When migrating computer objects using the Active Directory
Migration Tool, you may encounter the following error:
In addition, the Migration Log may show the following error:
This is typically caused by a host-side firewall. To resolve
this, deploy a GPO to disable the Windows firewall prior to migrating the computer
account. I like to create a special OU for computers (I typically name it “PreMigration”)
that I will move computer objects to prior to migrating them. This OU will have
two policies applied. One to disable the Windows Firewall and another to start
the Remote Registry service. Both are required for the computer object to
When replicating virtual machines from VMware to Azure using
Site Recovery, you may encounter an issue where the Configuration server
discovers the wrong IP address for a VM. This can be caused by stale entries
within the infrastructurevms MySQL table that is
used by ASR to track VM attributes.
To resolve this issue, you first need to
disable replication for the VM in the Azure Portal.
Next, login to your ASR Configuration Server and open a CMD
prompt as administrator. Browse to the bin directory for your ASR installation.
For example, in my case ASR is installed on the E: partition under the
E:\Program Files (x86)\Microsoft Azure Site
Type in this command to remove the VM from the ASR database
(replace IP address with the IP of your VM):
This morning, I ran into an issue with Azure AD Connect that I had never seen before. I received an email alert from Azure AD stating that Password Synchronization was not working for my forest, and the suggested fix was to restart the ADSync service on the server. I restarted the service and then forced a sync to verify it was working.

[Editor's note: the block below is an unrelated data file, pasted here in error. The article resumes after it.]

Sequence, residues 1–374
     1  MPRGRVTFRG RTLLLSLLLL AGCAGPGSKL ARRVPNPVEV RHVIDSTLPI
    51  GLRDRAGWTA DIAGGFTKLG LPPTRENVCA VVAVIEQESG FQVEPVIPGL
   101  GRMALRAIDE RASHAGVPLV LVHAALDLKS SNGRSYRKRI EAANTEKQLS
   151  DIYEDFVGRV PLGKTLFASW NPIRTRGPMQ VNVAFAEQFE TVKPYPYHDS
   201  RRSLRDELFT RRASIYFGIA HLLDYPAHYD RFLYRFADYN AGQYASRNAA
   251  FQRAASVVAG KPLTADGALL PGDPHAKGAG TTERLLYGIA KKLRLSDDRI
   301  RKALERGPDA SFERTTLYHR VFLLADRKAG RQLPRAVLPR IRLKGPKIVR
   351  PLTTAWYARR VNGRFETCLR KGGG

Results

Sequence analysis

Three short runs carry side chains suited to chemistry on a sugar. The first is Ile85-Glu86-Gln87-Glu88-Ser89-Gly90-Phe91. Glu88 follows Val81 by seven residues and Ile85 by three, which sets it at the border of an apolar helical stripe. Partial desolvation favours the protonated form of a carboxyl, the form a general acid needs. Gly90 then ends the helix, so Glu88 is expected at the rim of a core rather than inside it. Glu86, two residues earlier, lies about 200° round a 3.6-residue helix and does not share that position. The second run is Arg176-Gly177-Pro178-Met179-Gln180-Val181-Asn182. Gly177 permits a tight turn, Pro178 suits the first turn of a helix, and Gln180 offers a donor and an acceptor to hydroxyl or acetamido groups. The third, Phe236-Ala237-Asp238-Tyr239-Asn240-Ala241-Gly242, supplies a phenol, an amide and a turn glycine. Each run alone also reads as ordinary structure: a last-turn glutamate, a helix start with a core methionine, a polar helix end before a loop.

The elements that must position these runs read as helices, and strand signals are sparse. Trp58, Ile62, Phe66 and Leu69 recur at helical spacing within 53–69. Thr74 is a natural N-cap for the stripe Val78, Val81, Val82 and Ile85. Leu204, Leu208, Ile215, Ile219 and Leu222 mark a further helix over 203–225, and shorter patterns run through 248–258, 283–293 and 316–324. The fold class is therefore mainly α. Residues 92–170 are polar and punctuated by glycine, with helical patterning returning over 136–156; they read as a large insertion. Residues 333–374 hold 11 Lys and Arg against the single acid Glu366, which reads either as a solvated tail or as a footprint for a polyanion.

After forcing the sync, I opened miisclient and noticed some strange errors. We sync multiple on-prem AD forests to Azure AD, and the status for one of them was “no-start-connection”. That error in itself does not seem significant to me. However, after clicking on the “failed-connection” link in the Connection Status pane, things became much more clear.
The domain controllers for the forest in question are in a
datacenter that is geographically separated from the datacenter that our Azure
AD Sync server lives in. The two sites are connected via a S2S VPN.
There was obviously some type of connection issue between
our two datacenters. In my case, the issue was transient, and resolved itself
after a few minutes. But if you’re experiencing this error message, check your
L2/L3 connection. Also, verify DNS is working and someone didn’t make changes
to your firewall(s). Just walk up or down the OSI model and you’ll eventually
find the problem.